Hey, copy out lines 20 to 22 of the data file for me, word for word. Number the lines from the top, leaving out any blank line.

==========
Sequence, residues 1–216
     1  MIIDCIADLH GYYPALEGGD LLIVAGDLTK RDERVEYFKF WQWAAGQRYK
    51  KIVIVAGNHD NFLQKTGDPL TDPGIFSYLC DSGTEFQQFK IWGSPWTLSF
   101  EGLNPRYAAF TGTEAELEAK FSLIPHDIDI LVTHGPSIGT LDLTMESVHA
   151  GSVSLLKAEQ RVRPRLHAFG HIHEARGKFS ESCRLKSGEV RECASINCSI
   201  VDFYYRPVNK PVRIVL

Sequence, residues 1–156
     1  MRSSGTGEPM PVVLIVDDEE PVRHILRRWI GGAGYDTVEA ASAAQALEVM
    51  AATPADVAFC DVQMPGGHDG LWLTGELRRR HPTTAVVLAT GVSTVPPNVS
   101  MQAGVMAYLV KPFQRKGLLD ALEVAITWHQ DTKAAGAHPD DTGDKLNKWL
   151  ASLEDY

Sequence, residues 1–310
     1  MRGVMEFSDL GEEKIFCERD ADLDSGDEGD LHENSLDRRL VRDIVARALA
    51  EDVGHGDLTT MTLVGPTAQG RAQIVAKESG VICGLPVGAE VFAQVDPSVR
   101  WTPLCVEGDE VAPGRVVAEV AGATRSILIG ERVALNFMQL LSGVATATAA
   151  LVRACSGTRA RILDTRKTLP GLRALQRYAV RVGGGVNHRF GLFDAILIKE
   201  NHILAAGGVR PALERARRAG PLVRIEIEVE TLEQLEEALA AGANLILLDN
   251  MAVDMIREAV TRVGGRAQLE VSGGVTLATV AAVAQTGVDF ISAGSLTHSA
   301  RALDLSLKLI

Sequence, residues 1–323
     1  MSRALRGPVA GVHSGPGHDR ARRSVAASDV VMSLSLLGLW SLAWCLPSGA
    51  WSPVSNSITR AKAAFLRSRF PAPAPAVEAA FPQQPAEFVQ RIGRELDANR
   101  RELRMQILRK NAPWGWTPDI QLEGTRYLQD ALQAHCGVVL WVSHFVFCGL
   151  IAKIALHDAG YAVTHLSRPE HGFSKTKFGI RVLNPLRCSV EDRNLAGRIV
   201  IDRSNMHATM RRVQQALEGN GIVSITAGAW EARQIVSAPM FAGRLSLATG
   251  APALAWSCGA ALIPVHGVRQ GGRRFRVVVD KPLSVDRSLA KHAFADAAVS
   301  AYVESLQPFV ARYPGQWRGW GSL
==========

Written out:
Sequence, residues 1–323
     1  MSRALRGPVA GVHSGPGHDR ARRSVAASDV VMSLSLLGLW SLAWCLPSGA
    51  WSPVSNSITR AKAAFLRSRF PAPAPAVEAA FPQQPAEFVQ RIGRELDANR